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Maverick Biofuels changes its name to Maverick Synfuels

By Maverick Synfuels | January 23, 2014

Maverick Biofuels, a leader in alternative fuels and chemicals production technology, has changed its name to Maverick Synfuels to reflect the company’s growth strategy for producing synthetic fuels and chemicals from low-value feedstocks and waste streams. Maverick builds modular production platforms based on unique combinations of thermochemical and methanol synthesis technology. Maverick's modular plants can be deployed in oil fields, dairy farms and landfills to convert methane-rich waste gas, including associated gas, biogas and flare gas, into high-value transportation fuels and specialty chemicals.

Methane is the second most prevalent greenhouse gas emitted in the United States according to the U.S. Environmental Protection Agency. In 2011 over 600 million metric tons of methane gas was emitted into the atmosphere, which accounted for about 9 percent of all U.S. greenhouse gas emissions. Methane is emitted by natural sources and from human activities such as landfills, petroleum production, wastewater treatment plants and animal agriculture biodigesters. Pound for pound, the comparative impact of methane on climate change is over 20 times greater than carbon dioxide.

Many sources of methane-rich gas streams are too small to justify construction of large commercial plants to produce final products, or are located in remote areas where distribution is not economically viable.  Maverick’s modular production platform offers the first small-scale solution that can be deployed at thousands of methane generating sources across the U.S.

The flexibility of the technology flexibility allows methane to be converted into methanol and then into a variety of on-site usable products, or the methanol can be easily transported to nearby larger facilities and converted to higher value products such as biodiesel. Biodiesel producers consume over 100 million gallons of methanol annually.  Maverick's small-scale methanol production can significantly increase the utilization of unused methane, creating millions of gallons of clean, usable products. The more methanol Maverick can produce, the further we reduce our demand for imported oil and other fossil fuels.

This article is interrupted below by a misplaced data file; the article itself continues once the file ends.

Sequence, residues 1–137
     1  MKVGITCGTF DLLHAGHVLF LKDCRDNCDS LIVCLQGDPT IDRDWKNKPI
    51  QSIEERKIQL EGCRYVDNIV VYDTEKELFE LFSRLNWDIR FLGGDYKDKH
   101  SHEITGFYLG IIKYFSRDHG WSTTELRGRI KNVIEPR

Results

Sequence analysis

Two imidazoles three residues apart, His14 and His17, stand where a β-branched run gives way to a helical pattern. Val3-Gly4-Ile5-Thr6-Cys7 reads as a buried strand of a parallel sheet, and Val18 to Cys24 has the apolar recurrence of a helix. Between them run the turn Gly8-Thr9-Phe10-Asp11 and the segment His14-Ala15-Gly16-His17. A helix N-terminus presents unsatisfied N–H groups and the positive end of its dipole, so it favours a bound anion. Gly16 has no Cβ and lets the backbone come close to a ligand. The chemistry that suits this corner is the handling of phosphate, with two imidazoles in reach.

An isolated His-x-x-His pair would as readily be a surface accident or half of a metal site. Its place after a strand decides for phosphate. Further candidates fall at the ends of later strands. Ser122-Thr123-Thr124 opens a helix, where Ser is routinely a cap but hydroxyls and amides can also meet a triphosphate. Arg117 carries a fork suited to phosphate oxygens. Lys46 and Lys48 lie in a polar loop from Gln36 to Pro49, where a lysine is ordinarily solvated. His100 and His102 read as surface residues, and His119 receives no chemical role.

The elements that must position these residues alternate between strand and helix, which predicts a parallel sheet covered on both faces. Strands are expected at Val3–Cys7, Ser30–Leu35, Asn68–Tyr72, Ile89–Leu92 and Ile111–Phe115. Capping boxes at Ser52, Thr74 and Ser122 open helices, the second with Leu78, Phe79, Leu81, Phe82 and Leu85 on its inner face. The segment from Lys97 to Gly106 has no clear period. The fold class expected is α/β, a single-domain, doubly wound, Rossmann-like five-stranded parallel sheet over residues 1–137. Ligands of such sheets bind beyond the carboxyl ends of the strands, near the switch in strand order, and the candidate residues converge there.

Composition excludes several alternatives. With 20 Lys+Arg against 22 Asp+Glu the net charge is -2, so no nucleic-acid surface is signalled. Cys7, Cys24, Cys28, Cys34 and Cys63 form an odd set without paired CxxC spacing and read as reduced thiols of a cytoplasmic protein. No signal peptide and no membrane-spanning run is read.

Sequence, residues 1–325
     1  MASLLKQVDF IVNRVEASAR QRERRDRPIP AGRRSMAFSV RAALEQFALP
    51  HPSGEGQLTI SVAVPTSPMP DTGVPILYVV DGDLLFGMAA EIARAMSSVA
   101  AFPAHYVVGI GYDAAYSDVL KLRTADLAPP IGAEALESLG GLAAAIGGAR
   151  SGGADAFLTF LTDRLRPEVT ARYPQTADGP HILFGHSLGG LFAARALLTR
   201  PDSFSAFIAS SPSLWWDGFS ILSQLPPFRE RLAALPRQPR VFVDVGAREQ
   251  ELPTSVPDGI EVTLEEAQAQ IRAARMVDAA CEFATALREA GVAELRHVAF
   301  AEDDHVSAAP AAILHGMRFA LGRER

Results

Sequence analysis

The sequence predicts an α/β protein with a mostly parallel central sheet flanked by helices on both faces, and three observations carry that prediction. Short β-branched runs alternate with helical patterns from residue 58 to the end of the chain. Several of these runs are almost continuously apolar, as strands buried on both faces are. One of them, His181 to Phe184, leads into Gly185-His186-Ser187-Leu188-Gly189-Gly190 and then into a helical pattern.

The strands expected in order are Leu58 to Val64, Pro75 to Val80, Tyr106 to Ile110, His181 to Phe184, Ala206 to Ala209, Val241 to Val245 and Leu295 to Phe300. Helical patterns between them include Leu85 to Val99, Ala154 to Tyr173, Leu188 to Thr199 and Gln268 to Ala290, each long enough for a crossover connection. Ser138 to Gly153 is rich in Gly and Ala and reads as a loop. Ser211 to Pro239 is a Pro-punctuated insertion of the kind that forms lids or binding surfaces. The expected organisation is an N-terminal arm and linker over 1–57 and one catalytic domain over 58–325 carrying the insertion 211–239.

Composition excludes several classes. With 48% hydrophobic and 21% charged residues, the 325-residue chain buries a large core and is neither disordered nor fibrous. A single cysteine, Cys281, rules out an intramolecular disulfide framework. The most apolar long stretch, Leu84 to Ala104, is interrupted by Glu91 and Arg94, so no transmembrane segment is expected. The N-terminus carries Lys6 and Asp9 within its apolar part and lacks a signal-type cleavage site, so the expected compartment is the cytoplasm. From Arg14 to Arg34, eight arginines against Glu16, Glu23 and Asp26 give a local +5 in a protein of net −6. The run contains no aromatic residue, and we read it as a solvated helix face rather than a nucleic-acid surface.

Another aspect of Maverick’s Olefinity process involves producing methanol and then converting methanol to olefins, and olefins to higher value products.  Olefins are the building blocks of a number of useful products, including mixed-alcohol fuels, diesel fuel, jet fuels, and polymers.

The use of methanol as a transportable intermediate allows Maverick to work with feedstock suppliers in relatively remote locations. Maverick can produce methanol using a number of relatively small “spoke” production facilities located at or near the feedstock supply. The methanol is transported to a larger central “hub” facility where it is converted into final products. Co-locating production with the feedstock supply drives down the cost of the feedstock, while converting methanol at a central hub provides economy of scale.

"Maverick has evolved from being a biomass-based company to a company that can convert multiple low-value bio and fossil based feedstocks into higher-value liquid transportation fuels and chemicals," said Sam Yenne, CEO of Maverick Synfuels.

Maverick currently operates demonstration plants in Florida and Colorado, and a research and development laboratory based in Research Triangle Park, North Carolina. Maverick’s development facilities and engineering teams are designed to support commercial project deployment. Maverick has completed initial engineering studies at the pilot scale and plans to construct its first small-scale commercial plant shortly after completing the methanol pilot trial at the Denver, Colo., facility. The engineering efforts for the first plant will be leveraged as Maverick designs future plants.  Use of modular components will facilitate scale-up while reducing technical and financial risk.

Maverick is pursuing a business model that includes licensing its technology to strategic partners, along with building and operating production refineries with strategic partners.

 

 

 

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